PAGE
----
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Pentridge Prison

A gaol at Pentridge was established in 1850 to house convicts sentenced by the courts to hard labour on the roads - convicts who previously were sent to Sydney to serve their sentences. The site was chosen for its proximity to Melbourne on the Sydney Road and for the abundance of local bluestone for use in road-making.

Many Pentridge buildings were designed partly on the panopticon principle, using a radial or cruciform plan to allow surveillance from a central point. The model prison at Pentridge 'B' Division, built in 1859, operated on the principle of total separation of prisoners during their confinement. Inspectors-general saw Pentridge as a terror to evil-doers, but residents of the village of Pentridge were not enamoured of its convict stigma and agitated unsuccessfully for its removal. They did succeed in having the suburb name changed to Coburg in 1870. Pentridge was variously known as 'the Pen', 'the Bluestone College' and 'the Big House'. In 1853 it held 229 prisoners, controlled by 56 penal officers, and in 1894 it held 565 male prisoners. Women were incarcerated in the new Female Gaol, known as 'the Fem', and were imprisoned mainly for vagrancy, prostitution or drunkenness. In the late 19th century Pentridge had a school with several teachers and housed within its walls a reformatory for Protestant girls and the Jika Reformatory for boys, where children as young as nine years were imprisoned for vagrancy.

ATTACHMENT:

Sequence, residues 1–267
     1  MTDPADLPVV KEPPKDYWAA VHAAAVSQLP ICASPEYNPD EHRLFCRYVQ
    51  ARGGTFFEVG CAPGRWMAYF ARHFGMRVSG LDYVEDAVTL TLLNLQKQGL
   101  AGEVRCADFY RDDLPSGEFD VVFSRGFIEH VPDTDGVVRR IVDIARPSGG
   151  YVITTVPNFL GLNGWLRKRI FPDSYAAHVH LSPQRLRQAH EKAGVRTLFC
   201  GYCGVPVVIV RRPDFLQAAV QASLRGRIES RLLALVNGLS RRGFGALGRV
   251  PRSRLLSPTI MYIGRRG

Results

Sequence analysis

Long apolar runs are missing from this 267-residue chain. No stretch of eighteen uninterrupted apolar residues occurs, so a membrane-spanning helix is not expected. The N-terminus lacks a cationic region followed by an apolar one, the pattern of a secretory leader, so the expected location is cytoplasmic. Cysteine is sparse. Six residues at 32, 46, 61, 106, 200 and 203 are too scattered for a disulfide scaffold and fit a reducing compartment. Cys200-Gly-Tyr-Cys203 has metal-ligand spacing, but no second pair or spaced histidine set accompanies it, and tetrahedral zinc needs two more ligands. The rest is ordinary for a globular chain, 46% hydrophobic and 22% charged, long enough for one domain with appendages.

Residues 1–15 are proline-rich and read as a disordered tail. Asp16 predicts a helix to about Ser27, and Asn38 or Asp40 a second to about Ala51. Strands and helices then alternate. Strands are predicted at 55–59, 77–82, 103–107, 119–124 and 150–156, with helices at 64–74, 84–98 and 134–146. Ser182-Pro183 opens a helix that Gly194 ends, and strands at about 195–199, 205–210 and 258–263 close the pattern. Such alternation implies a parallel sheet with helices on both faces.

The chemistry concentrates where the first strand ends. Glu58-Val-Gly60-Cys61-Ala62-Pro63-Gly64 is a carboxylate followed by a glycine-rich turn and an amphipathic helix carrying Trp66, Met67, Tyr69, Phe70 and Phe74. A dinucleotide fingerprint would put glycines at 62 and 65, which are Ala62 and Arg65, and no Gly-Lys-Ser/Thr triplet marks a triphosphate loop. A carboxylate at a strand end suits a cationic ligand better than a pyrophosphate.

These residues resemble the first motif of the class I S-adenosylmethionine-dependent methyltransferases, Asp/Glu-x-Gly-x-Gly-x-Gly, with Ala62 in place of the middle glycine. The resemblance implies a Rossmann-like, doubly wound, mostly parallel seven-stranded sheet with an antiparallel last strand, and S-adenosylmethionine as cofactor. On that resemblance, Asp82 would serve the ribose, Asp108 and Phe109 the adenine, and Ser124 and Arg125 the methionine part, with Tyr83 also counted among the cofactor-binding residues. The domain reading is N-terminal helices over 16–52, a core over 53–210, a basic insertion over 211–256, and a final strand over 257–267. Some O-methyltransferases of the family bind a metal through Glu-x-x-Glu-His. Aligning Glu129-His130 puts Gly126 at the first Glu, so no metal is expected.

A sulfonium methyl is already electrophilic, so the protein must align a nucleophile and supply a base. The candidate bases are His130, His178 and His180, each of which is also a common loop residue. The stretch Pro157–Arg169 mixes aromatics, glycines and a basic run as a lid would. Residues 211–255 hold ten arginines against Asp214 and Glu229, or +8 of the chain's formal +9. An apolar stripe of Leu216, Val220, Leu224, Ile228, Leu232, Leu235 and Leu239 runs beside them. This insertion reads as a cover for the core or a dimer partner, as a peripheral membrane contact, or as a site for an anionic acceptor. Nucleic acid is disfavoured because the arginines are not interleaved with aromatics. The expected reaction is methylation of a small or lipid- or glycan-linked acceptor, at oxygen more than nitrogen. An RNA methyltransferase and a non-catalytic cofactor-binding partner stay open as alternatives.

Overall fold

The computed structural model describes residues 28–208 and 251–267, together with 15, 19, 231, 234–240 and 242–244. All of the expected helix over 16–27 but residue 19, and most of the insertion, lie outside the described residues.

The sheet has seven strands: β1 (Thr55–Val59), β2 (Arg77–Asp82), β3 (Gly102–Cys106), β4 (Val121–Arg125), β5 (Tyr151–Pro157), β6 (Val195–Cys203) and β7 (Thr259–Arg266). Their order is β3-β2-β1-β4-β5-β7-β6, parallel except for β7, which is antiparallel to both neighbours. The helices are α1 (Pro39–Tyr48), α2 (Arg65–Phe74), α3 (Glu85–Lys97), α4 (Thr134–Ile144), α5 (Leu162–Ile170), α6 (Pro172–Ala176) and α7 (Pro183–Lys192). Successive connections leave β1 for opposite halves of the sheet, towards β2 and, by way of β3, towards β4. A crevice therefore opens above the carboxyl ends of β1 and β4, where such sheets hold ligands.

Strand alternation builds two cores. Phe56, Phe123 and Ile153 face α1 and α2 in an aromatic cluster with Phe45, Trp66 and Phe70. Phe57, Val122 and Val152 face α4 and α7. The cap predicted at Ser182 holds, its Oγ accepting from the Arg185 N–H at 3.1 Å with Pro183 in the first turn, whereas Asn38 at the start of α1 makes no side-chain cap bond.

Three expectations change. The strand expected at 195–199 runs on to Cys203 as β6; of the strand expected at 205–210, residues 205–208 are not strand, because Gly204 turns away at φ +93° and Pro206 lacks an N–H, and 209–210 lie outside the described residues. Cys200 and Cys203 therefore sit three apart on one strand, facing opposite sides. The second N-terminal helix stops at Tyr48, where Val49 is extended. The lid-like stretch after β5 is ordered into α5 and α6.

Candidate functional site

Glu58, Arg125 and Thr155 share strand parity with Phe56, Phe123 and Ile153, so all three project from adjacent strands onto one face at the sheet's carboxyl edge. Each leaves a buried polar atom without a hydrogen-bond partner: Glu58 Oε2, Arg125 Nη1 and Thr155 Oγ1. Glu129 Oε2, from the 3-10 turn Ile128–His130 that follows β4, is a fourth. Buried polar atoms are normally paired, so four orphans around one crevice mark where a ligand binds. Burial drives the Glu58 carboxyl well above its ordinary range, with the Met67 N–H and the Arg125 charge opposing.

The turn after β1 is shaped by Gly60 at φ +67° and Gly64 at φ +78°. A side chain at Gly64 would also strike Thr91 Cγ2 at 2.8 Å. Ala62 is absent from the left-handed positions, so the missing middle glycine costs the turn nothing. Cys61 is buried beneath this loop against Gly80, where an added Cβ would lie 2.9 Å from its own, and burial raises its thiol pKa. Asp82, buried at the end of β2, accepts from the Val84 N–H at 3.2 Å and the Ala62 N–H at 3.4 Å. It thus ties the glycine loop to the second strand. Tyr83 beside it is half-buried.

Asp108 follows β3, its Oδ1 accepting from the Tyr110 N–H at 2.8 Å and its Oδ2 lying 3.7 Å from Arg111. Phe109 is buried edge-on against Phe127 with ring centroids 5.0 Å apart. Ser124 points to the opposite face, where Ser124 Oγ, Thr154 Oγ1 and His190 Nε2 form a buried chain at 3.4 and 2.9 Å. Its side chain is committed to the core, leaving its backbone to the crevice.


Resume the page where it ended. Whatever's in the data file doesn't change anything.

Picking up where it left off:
In the 1960s the hanging of Ronald Ryan and the incarceration of unwilling Vietnam conscripts led to impassioned debate on capital punishment and prison conditions. Riots and mass disobedience by prisoners led to the 1972 Jenkinson Inquiry, which condemned the ill treatment of prisoners in the infamous 'H' Division. In 1987 five prisoners died in a fire in Jika Division. Early in the 1990s three new public prisons were opened, making Pentridge redundant. Pentridge closed in 1997 and almost 1000 prisoners were transferred to other prisons, public and private; the site was sold for redevelopment. After 150 years as an odious institution, Pentridge became a desirable residential address for those Coburg citizens who for so long sought its abolition.

Peter Lynn

Lynn, Peter, and George Armstrong, From Pentonville to Pentridge: a history of prisons in Victoria, State Library of Victoria, Melbourne, 1996. Details